Solar eruptions may not have slinky-like shapes as commonly believed, according to a study that may help protect satellites in space as well as the electrical grid on Earth in the future. Revisiting older data, researchers from the University of New Hampshire in the US found new information about the shape of coronal mass ejections (CMEs) -- large-scale eruptions of plasma and magnetic field from the Sun.
Solar eruptions may not be slinky shaped
CMEs are one of the main sources for creating beautiful and intense auroras, like the Northern and Southern Lights. However, they can also damage satellites, disrupt radio communications and wreak havoc on the electrical transmission system causing massive and long-lasting power outages. Right now, only single point measurements exist for CMEs making it hard for scientists to judge their shapes, researchers said. These measurements have been helpful to space forecasters, allowing them a 30 to 60 minute warning before impact, they said.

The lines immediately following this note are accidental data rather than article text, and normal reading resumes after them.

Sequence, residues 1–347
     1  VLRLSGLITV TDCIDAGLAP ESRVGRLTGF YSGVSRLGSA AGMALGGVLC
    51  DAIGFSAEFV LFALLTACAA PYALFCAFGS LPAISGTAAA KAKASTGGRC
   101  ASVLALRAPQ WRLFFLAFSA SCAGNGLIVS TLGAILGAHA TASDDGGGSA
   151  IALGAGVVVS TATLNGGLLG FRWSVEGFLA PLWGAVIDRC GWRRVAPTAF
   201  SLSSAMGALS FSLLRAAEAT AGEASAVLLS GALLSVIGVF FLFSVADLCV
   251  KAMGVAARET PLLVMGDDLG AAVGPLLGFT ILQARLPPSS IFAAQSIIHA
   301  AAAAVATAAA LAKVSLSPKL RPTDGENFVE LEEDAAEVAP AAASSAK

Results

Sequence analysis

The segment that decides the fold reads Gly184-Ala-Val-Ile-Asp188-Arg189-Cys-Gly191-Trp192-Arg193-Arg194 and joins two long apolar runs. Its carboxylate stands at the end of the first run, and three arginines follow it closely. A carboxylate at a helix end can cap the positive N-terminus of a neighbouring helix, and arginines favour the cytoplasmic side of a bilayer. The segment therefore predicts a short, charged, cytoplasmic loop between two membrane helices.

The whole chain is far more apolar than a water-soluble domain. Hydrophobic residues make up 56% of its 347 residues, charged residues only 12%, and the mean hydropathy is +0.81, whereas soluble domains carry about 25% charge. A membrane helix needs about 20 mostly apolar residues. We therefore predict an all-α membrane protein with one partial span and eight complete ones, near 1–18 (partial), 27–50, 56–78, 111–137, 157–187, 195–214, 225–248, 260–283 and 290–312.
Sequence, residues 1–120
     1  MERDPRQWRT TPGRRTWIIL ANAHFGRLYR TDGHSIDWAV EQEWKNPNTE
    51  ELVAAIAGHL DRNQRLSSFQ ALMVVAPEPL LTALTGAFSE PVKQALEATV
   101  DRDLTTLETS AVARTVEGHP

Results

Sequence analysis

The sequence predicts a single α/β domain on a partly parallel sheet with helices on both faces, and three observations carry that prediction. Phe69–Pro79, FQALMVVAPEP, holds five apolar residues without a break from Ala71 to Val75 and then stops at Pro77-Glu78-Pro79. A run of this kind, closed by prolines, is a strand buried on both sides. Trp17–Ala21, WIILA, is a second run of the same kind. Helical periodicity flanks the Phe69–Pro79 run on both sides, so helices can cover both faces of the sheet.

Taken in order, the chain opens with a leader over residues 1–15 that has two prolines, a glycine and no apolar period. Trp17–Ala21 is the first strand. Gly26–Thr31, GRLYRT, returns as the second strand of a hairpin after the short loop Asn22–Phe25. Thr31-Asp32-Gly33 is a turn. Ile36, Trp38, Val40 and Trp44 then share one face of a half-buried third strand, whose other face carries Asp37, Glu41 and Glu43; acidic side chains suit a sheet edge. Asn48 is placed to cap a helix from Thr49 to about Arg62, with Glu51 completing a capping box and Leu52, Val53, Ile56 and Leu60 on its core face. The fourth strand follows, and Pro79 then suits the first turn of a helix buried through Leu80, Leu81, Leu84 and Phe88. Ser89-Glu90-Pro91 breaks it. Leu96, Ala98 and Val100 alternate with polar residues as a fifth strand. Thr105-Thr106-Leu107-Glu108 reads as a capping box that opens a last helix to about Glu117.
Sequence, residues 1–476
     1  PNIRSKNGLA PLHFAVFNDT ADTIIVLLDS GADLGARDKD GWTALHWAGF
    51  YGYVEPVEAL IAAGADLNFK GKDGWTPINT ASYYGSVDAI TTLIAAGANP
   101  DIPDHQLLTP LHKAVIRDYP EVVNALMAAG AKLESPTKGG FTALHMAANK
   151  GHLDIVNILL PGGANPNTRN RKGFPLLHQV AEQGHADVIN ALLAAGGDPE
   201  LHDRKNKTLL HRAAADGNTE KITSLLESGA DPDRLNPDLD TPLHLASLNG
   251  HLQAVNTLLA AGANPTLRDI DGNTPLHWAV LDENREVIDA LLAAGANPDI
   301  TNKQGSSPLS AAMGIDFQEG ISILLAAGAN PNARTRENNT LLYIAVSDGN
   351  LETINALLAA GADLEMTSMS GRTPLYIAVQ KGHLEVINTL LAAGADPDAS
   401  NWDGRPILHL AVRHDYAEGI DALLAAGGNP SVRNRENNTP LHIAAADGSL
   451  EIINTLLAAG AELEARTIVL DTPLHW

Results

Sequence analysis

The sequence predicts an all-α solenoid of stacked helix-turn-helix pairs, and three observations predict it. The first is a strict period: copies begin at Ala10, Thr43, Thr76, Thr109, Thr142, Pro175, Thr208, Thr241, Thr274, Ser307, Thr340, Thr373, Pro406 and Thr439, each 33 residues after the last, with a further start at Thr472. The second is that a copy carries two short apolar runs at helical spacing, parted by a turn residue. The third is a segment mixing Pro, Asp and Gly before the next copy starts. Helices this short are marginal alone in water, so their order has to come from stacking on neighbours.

The goal is to lengthen that notice time to hours -- ideally 24 hours -- to make more informed decisions on whether to power down satellites or the grid. The researchers took a closer look at data from two NASA spacecraft, Wind and ACE, typically orbiting upstream of Earth. They analysed the data of 21 CMEs over a two-year period between 2000 and 2002 when Wind had separated from ACE. "